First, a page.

When it comes to violent crime, Connecticut residents are surely aware that anyone can be a victim. Despite this knowledge, many people may feel truly shocked by recent headlines that tell the story of two police officers who now stand accused of domestic violence. The incident is a testament to the sad truth that lives can change in an instant when domestic situations get out of hand.
It is unfair to paint an entire gender with the same paintbrush. Although 85 percent of domestic violence victims are women and most of the violence is perpetrated by men, not all men are abusers. In fact, most aren't. Violence that is gender based is not just a women's issue -- it's one that pertains to society in general. Education and engagement of boys and men is crucial, experts say, for thwarting domestic violence in Connecticut and elsewhere.
Being in an emotionally or physically abusive relationship can have lasting effects on both parties involved. Add in the fact that technology gives the abuser access to one's location, the ability to read text messages and listen to phone calls, making the abuse even more disturbing. The legality of the use of spyware in domestic violence cases is new and the system is having a hard time figuring the legality of such actions. Domestic violence victims and their advocates in Connecticut are learning just how invasive such spyware can be.
When one hears the words domestic abuse, many think of violent physical attacks. Although this stands to be true in many instances in Connecticut, financial abuse is often just as emotionally devastating. This aspect of spousal abuse can create the same feelings of isolation and vulnerability, especially as these instances occur behind closed doors and are often not discussed with family and close friends.
Any relationship can sometimes be difficult to navigate and the resolution to a disagreement can be hard to navigate. Even those who find themselves in the spotlight with fame and fortune are not immune. Conflict can have a way of bringing out the worst in a person, and the tendency toward violence that may not have been an issue in the early phases of a relationship can rear its hurtful head. Should domestic violence become an issue in any Connecticut relationship, finding help for both the victim and the abuser is crucial to saving lives.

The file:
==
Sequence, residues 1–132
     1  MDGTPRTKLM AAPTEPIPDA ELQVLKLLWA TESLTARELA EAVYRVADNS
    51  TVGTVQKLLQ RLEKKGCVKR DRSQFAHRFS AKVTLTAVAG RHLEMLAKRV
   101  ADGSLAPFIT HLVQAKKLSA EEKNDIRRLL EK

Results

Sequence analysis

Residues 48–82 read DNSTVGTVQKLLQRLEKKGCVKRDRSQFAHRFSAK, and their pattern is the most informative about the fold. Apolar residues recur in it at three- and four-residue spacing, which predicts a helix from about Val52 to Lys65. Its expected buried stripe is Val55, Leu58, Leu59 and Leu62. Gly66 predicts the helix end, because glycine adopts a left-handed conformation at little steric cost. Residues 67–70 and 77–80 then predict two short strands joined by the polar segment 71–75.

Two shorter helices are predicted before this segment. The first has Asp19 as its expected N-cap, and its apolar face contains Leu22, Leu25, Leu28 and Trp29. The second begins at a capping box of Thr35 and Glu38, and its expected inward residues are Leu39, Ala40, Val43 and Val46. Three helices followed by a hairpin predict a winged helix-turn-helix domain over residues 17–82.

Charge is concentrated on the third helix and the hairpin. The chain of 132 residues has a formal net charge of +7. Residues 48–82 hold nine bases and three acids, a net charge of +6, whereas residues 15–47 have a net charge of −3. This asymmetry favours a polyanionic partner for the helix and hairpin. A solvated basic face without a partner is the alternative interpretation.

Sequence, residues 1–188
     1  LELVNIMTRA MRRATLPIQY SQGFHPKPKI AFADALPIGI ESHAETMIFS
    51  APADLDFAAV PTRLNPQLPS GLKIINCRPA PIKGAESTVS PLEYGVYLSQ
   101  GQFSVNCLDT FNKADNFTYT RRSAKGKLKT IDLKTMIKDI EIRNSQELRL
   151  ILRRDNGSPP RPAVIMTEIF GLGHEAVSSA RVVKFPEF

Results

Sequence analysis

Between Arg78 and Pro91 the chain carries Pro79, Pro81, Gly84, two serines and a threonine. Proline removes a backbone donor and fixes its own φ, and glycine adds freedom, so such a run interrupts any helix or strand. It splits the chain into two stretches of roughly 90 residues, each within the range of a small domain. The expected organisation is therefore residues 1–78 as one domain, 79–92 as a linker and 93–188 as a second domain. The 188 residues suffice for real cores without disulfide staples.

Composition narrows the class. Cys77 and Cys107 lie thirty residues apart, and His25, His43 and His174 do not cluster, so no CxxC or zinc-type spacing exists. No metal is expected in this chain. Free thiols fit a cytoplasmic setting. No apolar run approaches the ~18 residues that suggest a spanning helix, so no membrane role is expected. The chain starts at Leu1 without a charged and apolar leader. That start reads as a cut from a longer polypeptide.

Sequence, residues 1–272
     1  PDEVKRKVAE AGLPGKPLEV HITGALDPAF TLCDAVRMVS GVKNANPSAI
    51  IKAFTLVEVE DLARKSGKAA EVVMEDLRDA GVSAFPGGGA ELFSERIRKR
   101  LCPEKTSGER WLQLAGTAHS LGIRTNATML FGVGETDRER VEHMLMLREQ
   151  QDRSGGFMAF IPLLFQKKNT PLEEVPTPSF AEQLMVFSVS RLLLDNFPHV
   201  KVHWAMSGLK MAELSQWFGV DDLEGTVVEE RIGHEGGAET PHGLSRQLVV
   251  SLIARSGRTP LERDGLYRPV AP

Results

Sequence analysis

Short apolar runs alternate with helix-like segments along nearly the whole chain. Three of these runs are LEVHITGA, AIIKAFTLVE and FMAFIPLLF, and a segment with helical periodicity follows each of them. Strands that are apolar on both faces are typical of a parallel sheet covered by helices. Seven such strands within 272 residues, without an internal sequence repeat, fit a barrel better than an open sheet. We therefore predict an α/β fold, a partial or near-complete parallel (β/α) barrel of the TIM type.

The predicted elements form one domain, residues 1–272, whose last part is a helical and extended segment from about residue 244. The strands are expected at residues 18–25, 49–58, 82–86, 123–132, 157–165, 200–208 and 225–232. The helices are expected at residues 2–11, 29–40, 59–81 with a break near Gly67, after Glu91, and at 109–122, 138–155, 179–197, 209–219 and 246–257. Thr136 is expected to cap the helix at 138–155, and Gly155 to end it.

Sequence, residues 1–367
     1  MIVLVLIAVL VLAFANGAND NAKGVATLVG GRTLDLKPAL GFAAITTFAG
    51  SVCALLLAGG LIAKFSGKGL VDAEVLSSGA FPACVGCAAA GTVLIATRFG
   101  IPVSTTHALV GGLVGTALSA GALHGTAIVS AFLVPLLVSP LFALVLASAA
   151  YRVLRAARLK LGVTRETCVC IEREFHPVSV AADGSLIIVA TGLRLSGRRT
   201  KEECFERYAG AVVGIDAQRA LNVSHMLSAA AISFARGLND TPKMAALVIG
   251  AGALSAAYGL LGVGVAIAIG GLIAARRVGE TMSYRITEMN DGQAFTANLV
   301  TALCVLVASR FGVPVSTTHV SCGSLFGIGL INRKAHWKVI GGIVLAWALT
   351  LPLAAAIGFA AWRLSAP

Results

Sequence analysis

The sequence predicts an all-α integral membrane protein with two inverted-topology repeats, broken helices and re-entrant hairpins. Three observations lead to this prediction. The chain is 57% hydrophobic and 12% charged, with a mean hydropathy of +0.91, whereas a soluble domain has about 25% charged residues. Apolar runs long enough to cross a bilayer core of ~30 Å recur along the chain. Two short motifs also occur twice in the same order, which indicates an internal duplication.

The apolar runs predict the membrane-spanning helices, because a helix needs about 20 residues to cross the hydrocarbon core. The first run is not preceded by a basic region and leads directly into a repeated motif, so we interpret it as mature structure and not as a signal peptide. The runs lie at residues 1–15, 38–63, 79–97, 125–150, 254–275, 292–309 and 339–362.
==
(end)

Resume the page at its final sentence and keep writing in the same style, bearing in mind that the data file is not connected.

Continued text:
Survivors of domestic abuse often assume that when they leave an abusive relationship, sole custody will be automatically awarded to the non-offending parent. Many have found this not to be the case, and the abuser often uses the children and the court system to continue to exert control over the relationship and the abused. Connecticut domestic violence survivors may find hope in a congressional resolution that has been introduced that would minimize, if not eliminate, coercive control.
Connecticut currently holds the highest rate of dual arrest in regards to domestic abuse arrests. Victims of domestic violence who decide to take a stand against their abuser and physically fight back may find themselves charged with domestic abuse, even though they were not the dominant aggressor. New legislation is currently being sought to change the wording to allow Connecticut police to make the distinction and, hopefully, encourage more victims to speak out.
Most people who do not suffer from the abuse at the hands of another assume that the violence takes place between spouses or those in an intimate relationship. Anyone can suffer from domestic violence, as it can happen to anyone in a domestic setting, like a marriage or cohabitation. One Connecticut man was recently taken into custody after allegedly assaulting his mother and fleeing the scene.
Relationships and marriages may end for any number of reasons, but none may be quite so upsetting or dangerous as abuse. Domestic violence is an extremely sensitive topic that can be difficult to discuss, but victims of abuse can seek protection through Connecticut's legal system. In most cases, protections against an abusive partner or ex can be put into place even in the absence of an arrest.
Connecticut couples learn to adapt and adjust as time and circumstance impact their relationships. Life changes, such as the birth of a child, a new career or the death of a loved one, can impact a relationship and cause stress. Even an injury to one spouse can create the beginnings of change in a once blissful and happy relationship. When the stress begins to turn into domestic violence, one should seek help, and leaving the relationship may be the only option.